Brits are seeking more than just a holiday home in the sun. With monasteries, museums, antiquities and Roman ruins, culture vultures won't be disappointed.
Brits want property to be a lucrative investment - and buying Cyprus property is just the ticket. There is a wealth of locations at very competitive prices. In addition, attractive taxation laws make the island particularly appealing to relaxation-seeking retirees. With a plethora of Cyprus property cheaper than in Spain, the number of people investing in Cyprus property is growing.
Cyprus successfully mixes European culture with ancient enchantment, shimmering with a unique mystique encompassing everything from beautiful beaches and mountain peaks to vineyards dotted with olive trees. Known as the Island of Venus, after the Roman goddess of love and beauty, traditional villages provide a contrast to modern, cosmopolitan towns bursting with luxurious hotels, smart restaurants and chic shops.
Situated at the crossroads of Europe and Asia, Cyprus has been divided since 1974, when Turkey invaded the north in response to a military coup on the island. Nowadays, the island is at peace, although the Turkish Cypriots in the north and Greek in the south maintain their own distinct identity based on language and religion.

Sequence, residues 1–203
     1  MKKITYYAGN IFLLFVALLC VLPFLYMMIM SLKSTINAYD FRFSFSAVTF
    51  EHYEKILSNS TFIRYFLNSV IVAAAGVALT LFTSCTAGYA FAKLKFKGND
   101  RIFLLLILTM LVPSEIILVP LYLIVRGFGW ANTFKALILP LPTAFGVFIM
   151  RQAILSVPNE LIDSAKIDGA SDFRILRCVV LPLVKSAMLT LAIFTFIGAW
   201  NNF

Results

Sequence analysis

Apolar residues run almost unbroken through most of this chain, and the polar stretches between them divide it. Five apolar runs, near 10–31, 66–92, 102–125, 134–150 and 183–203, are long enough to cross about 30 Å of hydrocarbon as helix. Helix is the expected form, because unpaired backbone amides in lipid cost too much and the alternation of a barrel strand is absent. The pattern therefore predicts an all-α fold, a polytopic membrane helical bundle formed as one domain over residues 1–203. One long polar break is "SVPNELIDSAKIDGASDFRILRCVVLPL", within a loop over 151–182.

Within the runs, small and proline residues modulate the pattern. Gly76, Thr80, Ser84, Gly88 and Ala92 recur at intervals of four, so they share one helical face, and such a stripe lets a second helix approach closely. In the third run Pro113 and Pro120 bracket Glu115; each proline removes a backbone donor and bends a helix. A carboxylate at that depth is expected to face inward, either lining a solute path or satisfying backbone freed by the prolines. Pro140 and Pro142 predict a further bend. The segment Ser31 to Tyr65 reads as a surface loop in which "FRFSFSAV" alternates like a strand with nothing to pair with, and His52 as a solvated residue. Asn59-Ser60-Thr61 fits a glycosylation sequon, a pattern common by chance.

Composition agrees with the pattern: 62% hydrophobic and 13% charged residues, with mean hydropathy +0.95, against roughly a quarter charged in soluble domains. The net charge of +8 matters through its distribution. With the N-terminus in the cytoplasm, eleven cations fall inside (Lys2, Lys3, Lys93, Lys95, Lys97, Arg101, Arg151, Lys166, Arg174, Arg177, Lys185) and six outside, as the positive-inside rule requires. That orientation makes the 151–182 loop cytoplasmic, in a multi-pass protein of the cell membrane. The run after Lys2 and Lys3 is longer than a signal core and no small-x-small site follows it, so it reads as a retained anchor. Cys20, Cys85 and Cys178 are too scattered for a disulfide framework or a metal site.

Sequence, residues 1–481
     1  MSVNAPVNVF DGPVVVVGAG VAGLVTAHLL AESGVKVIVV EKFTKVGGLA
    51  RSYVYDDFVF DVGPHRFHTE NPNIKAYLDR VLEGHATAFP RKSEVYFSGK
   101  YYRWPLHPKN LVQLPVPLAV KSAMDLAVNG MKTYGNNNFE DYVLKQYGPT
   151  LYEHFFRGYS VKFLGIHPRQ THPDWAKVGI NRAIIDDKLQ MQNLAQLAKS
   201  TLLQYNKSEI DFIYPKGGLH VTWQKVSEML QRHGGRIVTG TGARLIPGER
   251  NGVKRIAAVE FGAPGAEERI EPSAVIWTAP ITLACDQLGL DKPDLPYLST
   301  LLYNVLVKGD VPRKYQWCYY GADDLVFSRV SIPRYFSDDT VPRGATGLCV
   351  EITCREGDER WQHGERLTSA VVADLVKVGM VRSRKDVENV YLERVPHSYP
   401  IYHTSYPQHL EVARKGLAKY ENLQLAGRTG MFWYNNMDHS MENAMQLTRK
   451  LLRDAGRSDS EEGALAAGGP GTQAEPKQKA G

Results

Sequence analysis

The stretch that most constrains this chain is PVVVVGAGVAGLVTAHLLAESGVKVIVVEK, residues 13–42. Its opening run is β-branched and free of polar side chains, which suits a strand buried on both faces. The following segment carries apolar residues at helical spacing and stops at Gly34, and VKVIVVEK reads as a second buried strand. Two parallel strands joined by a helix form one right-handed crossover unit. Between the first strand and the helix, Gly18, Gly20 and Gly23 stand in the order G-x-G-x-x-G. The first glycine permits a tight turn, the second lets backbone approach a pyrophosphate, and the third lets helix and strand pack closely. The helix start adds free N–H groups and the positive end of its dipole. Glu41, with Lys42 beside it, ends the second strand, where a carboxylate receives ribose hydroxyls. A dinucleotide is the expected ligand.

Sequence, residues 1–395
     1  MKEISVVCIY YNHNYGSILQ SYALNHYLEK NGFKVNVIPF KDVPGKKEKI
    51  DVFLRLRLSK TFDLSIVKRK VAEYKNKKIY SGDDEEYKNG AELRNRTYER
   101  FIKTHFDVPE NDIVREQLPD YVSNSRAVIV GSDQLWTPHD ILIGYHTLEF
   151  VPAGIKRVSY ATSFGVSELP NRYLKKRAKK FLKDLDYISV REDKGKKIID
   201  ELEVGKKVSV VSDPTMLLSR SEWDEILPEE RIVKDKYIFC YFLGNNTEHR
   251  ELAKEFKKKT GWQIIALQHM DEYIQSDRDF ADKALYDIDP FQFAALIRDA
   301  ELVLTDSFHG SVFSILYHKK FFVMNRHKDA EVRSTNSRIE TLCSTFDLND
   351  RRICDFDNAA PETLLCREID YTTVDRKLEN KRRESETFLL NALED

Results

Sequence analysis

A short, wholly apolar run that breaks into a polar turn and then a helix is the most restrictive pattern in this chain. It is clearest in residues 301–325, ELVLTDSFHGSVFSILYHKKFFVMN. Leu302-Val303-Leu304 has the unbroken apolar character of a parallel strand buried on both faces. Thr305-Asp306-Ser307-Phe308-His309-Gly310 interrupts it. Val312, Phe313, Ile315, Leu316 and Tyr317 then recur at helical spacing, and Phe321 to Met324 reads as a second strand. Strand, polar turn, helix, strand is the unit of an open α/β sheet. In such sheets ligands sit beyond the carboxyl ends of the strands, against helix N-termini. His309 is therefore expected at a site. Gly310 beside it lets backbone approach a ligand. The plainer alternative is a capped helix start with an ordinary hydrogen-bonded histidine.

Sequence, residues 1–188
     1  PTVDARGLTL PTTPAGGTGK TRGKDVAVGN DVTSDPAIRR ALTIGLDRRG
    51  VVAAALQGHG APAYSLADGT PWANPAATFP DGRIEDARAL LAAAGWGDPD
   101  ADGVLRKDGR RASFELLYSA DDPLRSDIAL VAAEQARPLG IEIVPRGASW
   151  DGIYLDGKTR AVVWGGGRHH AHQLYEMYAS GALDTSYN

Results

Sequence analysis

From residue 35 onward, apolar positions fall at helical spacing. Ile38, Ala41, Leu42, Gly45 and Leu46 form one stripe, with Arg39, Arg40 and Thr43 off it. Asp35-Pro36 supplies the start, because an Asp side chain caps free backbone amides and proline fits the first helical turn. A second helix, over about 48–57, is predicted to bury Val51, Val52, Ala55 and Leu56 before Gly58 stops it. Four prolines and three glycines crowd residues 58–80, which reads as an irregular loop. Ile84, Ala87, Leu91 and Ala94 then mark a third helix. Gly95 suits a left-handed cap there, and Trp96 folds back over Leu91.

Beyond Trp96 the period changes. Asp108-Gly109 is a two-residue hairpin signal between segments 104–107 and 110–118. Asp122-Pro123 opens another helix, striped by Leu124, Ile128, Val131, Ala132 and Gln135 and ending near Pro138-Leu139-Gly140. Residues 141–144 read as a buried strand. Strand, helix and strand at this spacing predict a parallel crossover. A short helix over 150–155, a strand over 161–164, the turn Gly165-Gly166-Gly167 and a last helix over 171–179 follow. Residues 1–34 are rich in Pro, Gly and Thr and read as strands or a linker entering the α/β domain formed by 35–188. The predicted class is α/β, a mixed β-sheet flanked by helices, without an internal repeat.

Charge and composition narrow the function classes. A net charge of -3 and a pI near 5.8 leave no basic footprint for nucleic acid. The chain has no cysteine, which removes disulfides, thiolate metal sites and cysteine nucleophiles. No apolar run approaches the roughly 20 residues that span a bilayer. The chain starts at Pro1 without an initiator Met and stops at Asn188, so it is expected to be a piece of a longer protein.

But demand for land, housing and holiday lets, particularly in the fast-growing residential and recreational resorts on the south east coast, has been at an unprecedented high over recent years, with wise investors waking up to the prospects for strong investment.
Cyprus already boasts excellent internal and international transport links with easy access to Britain. It is able to host some of the larger budget airlines, reducing the cost of and offering more frequent flights from Britain, as well as direct flights to the US, Far East and Africa.
The island's accession to the EU in 2004 has resulted in improved infrastructure, communications and facilities, particularly in the medical and educational sectors. Healthcare is available to those from other EU member states on the same basis as Cypriot nationals and there's an excellent, state funded school system as well as many private and international schools. Four lane motorways connect towns and there are efficient banking services based on British practices. There are sports clubs a gogo and with three international standard golf courses and 10 new courses in development, golf lovers will soon find themselves a short putt away from the fairway.